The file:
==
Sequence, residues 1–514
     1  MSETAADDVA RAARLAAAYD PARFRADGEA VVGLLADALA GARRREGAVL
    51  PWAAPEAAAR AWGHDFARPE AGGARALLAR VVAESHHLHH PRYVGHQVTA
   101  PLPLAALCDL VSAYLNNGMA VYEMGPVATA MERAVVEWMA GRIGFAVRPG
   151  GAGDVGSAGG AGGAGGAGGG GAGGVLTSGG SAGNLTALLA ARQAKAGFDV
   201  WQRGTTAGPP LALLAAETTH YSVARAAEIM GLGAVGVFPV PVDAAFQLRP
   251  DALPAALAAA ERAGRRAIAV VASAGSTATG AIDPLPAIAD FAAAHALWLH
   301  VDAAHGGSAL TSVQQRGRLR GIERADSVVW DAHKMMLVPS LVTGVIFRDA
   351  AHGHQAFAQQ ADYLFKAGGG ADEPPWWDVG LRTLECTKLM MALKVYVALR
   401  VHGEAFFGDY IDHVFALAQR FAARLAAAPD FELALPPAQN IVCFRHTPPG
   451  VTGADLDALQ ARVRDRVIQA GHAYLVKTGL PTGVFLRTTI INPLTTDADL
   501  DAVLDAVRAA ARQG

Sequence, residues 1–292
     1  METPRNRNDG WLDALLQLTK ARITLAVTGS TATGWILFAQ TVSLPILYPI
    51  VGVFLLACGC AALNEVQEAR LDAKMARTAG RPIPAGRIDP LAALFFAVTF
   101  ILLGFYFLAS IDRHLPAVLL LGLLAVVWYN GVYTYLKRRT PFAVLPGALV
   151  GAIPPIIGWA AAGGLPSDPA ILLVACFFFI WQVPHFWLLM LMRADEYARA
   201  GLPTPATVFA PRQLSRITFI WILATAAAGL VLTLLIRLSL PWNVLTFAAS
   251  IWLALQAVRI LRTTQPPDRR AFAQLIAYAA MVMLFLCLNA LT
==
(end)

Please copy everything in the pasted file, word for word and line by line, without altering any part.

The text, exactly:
Sequence, residues 1–514
     1  MSETAADDVA RAARLAAAYD PARFRADGEA VVGLLADALA GARRREGAVL
    51  PWAAPEAAAR AWGHDFARPE AGGARALLAR VVAESHHLHH PRYVGHQVTA
   101  PLPLAALCDL VSAYLNNGMA VYEMGPVATA MERAVVEWMA GRIGFAVRPG
   151  GAGDVGSAGG AGGAGGAGGG GAGGVLTSGG SAGNLTALLA ARQAKAGFDV
   201  WQRGTTAGPP LALLAAETTH YSVARAAEIM GLGAVGVFPV PVDAAFQLRP
   251  DALPAALAAA ERAGRRAIAV VASAGSTATG AIDPLPAIAD FAAAHALWLH
   301  VDAAHGGSAL TSVQQRGRLR GIERADSVVW DAHKMMLVPS LVTGVIFRDA
   351  AHGHQAFAQQ ADYLFKAGGG ADEPPWWDVG LRTLECTKLM MALKVYVALR
   401  VHGEAFFGDY IDHVFALAQR FAARLAAAPD FELALPPAQN IVCFRHTPPG
   451  VTGADLDALQ ARVRDRVIQA GHAYLVKTGL PTGVFLRTTI INPLTTDADL
   501  DAVLDAVRAA ARQG

Sequence, residues 1–292
     1  METPRNRNDG WLDALLQLTK ARITLAVTGS TATGWILFAQ TVSLPILYPI
    51  VGVFLLACGC AALNEVQEAR LDAKMARTAG RPIPAGRIDP LAALFFAVTF
   101  ILLGFYFLAS IDRHLPAVLL LGLLAVVWYN GVYTYLKRRT PFAVLPGALV
   151  GAIPPIIGWA AAGGLPSDPA ILLVACFFFI WQVPHFWLLM LMRADEYARA
   201  GLPTPATVFA PRQLSRITFI WILATAAAGL VLTLLIRLSL PWNVLTFAAS
   251  IWLALQAVRI LRTTQPPDRR AFAQLIAYAA MVMLFLCLNA LT